After years of dry winters and disappointing snowpacks, New Mexico is considering cloud seeding as a solution to the state's water woes. Cloud seeding has already been common practice in Colorado, where the state's ski resorts contribute to the $1.5 million programs every year to increase their snowpack. New Mexico's ski resorts have struggled with maintaining lucrative snowpacks in the wake of a severe drought. The state's low snowpacks have also reverberated to water stress on farmers in the water-scarce southern portion of the state. Although the idea of inducing increased precipitation sounds like a no-brainer, the process has drawn criticism from environmental groups who fear the sustainability and consequences of inducing rainfall using inorganic compounds.
Western Weather Consultants of Durango, Colorado submitted the proposal to the New Mexico Interstate Stream Commission. The operation will begin by December 13 if nothing goes awry during a public hearing on Monday—and if the proposal is approved NMISC.
The controversy around the proposed solution to the state's water woes lies in the inorganic compounds that are released into the atmosphere. A mixture consisting of silver iodide is released into the atmosphere either with planes or drones or, in the proposed project, through a ground-based device that will allow the particles to rise to a targeted cloud. Once the solution is released, it resembles the structure of ice, which water molecules cluster around and increases the chances of a cloud releasing its moisture.
The practice of cloud seeding is nothing new. The U.S. military began climate experiments just after WWII throughout the 1950s to explore potential military applications of artificially altering the weather. Since then countries around the world have used the methods to relieve drought-stricken regions. Eight U.S. states are already using cloud seeding to boost their snowpacks as summers become hotter and drier. The benefits of clouding seeding are still considered ambiguous at best, as there has been no direct evidence that artificial efforts to induce clouds to release their moisture are reliable.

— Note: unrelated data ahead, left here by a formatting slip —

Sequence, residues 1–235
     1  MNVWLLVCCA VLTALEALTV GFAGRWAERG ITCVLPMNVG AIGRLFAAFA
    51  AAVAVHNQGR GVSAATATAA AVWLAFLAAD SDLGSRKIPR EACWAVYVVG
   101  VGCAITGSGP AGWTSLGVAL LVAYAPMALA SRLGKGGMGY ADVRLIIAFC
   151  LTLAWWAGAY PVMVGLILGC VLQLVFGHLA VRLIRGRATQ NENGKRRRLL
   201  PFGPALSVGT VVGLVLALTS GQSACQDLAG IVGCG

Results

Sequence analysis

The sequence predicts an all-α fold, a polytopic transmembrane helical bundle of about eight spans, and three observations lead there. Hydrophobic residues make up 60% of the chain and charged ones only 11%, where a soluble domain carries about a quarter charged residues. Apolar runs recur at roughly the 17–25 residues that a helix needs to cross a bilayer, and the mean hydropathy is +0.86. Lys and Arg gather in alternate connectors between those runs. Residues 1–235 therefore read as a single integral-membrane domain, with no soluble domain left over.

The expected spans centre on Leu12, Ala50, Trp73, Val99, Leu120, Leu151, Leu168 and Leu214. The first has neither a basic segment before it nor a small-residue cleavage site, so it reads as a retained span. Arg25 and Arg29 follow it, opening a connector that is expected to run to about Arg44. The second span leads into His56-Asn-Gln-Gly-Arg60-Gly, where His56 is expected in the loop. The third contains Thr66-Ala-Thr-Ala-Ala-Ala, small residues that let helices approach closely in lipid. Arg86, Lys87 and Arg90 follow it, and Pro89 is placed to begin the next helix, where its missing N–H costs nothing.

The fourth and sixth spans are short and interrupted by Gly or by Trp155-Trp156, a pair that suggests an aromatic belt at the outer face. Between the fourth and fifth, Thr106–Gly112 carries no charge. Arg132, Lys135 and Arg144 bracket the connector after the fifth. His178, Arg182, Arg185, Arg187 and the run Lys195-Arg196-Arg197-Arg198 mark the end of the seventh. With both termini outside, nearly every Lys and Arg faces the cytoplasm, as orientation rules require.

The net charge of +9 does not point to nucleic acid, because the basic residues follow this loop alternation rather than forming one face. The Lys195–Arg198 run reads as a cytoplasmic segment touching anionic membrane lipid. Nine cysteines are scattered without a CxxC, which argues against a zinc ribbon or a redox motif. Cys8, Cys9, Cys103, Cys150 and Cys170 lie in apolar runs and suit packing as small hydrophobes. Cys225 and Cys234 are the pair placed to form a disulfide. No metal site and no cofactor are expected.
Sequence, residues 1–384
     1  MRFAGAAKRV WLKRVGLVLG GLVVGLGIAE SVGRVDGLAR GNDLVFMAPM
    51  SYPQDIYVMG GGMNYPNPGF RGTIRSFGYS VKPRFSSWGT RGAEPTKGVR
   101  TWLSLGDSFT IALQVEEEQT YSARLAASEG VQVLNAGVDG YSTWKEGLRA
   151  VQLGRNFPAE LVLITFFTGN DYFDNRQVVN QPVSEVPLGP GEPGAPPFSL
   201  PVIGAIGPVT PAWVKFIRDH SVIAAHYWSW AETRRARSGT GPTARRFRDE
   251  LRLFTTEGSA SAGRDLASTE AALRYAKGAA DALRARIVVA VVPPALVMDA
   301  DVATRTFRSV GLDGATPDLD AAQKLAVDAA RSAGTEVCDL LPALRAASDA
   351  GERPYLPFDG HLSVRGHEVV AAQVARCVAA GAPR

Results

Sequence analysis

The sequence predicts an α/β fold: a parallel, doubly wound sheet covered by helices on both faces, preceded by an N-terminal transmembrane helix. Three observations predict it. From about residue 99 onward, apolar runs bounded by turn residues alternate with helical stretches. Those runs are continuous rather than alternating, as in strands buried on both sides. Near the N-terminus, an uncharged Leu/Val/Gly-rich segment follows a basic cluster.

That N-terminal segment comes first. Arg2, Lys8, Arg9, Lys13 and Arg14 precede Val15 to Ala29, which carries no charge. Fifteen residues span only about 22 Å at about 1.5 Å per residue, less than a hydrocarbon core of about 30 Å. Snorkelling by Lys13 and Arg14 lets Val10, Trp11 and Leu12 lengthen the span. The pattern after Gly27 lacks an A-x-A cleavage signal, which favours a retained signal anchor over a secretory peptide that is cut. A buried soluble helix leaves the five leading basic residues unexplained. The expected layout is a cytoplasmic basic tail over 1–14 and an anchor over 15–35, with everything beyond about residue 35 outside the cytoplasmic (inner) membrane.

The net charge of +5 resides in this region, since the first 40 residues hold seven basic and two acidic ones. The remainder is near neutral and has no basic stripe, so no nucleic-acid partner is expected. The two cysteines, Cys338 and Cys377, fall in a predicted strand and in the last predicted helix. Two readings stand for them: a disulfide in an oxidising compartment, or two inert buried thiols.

Northern New Mexico is the latest region to consider the controversial practice to relieve their water woes. The area under the proposal is the Eastern Sangre De Cristo Mountains, including Taos and Santa Fe as its most southern boundary. A mixture including the silver iodide will be released from devices, called cloud-seeding nuclei generators, which would distribute the mixture from remote locations across the region. The area would target New Mexico's ski resorts, including Taos, Angel Fire, Red River, Sipapu and Ski Santa Fe.
The public comment meeting will take place on Monday, Nov. 22, at 10am. To register for the meeting, visit register.gotowebinar.com/register.
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